Scottsdale has a 100-year Assured Water Supply

The assured water supply designation applies to the city's population who are connected to the city’s water utility delivery system.

According to a report by the Arizona Department of Water Resources, water demand in the state is expected to outstrip supply by up to 1 million acre-feet annually by 2040. This presents a real challenge for Scottsdale and other municipalities in the Southwest that rely on Colorado River water and local groundwater supplies.

To meet this challenge, the city of Scottsdale has adopted a comprehensive approach to water management that includes both supply-side solutions, such as diversifying its water portfolio and investing in infrastructure, and demand-side solutions, such as conservation and recycling.

One of the most important components of the city’s approach is its Drought Management Plan, which outlines a series of measures to be implemented in the event of water shortages. The plan includes four drought stages, each with increasingly stringent water conservation measures, designed to reduce water use and protect the community’s water supply.

In addition to its Drought Management Plan, Scottsdale has invested in a variety of supply-side solutions to ensure a diverse and resilient water supply portfolio. These include the construction of four Aquifer Storage and Recovery Wells, which will allow the city to store surplus surface water underground during times of low demand and withdraw it during times of high demand or emergencies.

Scottsdale has also been a leader in water recycling for decades. The Advanced Water Treatment Plant at the Scottsdale Water Campus uses highly purified, recycled water to recharge the underground aquifer, providing a valuable source of water during times of shortage.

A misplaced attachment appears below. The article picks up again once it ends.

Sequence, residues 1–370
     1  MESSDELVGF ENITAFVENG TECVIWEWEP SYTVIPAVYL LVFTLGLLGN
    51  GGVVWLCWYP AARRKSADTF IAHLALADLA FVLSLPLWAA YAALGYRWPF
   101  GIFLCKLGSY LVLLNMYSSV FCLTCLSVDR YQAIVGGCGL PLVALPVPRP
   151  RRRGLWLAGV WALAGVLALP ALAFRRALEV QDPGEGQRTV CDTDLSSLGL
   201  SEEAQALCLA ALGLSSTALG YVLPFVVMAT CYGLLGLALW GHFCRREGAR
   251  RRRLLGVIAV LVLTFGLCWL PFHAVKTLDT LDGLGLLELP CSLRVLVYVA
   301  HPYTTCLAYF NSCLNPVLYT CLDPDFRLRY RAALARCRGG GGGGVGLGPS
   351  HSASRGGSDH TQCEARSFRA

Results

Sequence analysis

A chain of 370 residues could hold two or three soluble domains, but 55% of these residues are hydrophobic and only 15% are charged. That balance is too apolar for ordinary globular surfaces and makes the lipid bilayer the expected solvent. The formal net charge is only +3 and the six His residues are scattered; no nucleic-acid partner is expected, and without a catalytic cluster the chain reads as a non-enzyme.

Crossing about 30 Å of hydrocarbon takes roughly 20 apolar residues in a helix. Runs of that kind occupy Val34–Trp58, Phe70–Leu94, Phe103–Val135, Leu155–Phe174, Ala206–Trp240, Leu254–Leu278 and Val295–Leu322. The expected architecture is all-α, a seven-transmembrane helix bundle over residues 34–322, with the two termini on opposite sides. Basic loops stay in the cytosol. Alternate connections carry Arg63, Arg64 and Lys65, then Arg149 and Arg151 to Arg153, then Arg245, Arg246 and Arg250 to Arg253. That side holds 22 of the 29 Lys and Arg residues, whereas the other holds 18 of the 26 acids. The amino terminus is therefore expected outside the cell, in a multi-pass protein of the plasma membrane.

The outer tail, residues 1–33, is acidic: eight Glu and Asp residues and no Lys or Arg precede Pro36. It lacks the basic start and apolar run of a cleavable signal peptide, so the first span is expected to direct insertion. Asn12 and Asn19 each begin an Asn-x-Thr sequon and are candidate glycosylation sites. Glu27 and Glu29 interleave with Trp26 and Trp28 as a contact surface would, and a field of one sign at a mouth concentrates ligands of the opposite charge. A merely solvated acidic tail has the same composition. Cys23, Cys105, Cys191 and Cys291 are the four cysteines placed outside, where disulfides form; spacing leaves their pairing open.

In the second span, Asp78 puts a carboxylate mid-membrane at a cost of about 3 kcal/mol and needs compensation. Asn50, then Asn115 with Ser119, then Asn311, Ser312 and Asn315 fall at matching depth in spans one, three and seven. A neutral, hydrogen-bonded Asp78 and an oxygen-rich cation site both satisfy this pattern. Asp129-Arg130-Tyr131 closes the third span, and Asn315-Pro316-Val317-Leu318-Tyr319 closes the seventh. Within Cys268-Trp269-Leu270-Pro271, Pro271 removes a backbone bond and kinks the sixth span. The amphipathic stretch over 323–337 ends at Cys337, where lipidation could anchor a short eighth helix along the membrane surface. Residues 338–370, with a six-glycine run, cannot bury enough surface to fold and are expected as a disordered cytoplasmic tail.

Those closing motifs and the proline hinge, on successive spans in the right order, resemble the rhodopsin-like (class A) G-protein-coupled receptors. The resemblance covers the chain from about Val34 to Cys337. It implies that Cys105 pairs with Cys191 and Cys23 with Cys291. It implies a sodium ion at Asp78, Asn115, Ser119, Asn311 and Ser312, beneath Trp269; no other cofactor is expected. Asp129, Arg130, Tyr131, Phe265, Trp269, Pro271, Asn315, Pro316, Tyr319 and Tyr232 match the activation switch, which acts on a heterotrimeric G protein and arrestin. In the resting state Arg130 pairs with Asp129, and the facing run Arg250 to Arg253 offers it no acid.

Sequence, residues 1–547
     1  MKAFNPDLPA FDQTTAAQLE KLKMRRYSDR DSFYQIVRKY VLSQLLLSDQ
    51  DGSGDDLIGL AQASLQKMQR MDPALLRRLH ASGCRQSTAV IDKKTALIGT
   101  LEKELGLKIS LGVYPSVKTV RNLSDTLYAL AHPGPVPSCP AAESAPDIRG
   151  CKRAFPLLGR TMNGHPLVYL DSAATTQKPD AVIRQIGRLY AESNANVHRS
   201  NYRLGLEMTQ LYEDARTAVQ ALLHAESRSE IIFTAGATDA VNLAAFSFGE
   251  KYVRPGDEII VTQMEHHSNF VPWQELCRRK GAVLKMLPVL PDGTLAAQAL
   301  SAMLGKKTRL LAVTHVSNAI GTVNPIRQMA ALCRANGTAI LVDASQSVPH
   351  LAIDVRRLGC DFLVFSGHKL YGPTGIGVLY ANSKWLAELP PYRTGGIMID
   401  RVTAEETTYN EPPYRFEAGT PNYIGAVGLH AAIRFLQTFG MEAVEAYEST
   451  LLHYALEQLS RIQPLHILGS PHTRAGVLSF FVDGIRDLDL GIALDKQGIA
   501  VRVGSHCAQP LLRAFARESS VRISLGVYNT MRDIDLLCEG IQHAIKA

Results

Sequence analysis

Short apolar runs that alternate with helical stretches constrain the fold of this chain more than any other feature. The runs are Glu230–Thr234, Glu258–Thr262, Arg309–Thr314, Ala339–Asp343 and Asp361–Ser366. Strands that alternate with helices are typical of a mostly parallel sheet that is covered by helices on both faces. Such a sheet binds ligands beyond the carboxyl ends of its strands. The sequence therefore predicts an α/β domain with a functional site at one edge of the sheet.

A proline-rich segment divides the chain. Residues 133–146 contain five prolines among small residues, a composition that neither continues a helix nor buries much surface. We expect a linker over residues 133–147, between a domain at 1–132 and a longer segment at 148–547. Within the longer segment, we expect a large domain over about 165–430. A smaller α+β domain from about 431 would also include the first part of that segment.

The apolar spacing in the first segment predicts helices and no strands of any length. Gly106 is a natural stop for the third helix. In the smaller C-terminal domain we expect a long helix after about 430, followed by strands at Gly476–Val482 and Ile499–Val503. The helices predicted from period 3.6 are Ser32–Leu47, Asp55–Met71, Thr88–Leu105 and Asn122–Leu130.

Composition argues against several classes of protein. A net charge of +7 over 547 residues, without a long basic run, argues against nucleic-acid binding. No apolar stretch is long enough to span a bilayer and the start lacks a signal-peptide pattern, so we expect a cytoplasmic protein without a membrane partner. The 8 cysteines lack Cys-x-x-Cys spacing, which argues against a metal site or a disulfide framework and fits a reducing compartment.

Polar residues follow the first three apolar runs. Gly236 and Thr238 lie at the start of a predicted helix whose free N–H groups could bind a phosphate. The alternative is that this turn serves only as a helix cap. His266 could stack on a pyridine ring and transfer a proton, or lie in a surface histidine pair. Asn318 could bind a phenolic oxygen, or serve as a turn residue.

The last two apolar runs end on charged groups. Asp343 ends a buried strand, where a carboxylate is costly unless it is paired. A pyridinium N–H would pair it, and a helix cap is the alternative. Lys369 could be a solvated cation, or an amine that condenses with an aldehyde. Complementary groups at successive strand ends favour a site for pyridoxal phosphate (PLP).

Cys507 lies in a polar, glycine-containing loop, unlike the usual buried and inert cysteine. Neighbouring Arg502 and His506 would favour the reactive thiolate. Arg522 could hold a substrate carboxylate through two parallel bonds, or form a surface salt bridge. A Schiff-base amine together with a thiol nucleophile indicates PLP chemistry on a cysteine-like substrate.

On the demand side, Scottsdale has implemented a number of water conservation measures to reduce water use and minimize waste. These include a robust water conservation program that offers rebates, water efficiency workshops, and free outdoor water efficiency checks. The city also uses water-saving techniques in its parks and recreational areas and encourages the conversion of grass areas to desert-friendly landscapes.

While Scottsdale’s approach to water management has been successful in the short term, the city will need to continue to adapt and innovate to meet the challenges of a hotter, drier future. This will require a sustained commitment to water conservation and an ongoing investment in new technologies and infrastructure.

As communities across the Southwest grapple with the effects of climate change and water scarcity, the example set by Scottsdale serves as a valuable lesson in the importance of long-term planning, proactive management, and a commitment to sustainability. By working together to address these challenges, we can ensure a reliable and resilient water supply for future generations.